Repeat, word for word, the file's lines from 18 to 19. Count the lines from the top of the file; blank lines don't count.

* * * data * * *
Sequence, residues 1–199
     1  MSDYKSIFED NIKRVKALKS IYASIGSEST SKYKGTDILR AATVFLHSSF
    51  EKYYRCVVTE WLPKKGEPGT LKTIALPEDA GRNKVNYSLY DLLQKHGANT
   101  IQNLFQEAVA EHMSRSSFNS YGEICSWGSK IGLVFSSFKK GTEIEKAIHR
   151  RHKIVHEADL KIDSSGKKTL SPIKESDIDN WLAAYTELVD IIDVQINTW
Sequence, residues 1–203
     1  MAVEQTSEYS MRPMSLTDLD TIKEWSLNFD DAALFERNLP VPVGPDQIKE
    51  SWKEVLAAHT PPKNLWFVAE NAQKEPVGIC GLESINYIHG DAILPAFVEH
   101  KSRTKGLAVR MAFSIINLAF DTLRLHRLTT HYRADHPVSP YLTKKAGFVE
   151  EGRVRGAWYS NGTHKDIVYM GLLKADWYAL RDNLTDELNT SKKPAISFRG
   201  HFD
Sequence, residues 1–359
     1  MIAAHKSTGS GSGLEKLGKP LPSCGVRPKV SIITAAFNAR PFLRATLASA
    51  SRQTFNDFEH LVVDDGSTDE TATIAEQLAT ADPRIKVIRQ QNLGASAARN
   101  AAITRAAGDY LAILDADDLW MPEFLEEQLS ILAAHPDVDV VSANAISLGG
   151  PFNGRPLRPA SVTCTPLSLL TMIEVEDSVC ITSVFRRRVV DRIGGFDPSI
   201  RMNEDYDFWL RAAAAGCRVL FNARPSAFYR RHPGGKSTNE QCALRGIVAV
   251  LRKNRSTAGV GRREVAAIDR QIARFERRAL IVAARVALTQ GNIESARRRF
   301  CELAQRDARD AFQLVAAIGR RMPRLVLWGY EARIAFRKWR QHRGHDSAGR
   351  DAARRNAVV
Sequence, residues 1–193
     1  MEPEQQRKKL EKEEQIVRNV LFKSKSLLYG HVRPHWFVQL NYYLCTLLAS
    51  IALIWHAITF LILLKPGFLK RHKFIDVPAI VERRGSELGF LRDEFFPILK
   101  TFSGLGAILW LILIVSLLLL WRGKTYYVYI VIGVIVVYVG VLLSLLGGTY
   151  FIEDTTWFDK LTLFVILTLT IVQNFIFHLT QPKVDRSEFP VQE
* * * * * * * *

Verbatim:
   251  LRKNRSTAGV GRREVAAIDR QIARFERRAL IVAARVALTQ GNIESARRRF
   301  CELAQRDARD AFQLVAAIGR RMPRLVLWGY EARIAFRKWR QHRGHDSAGR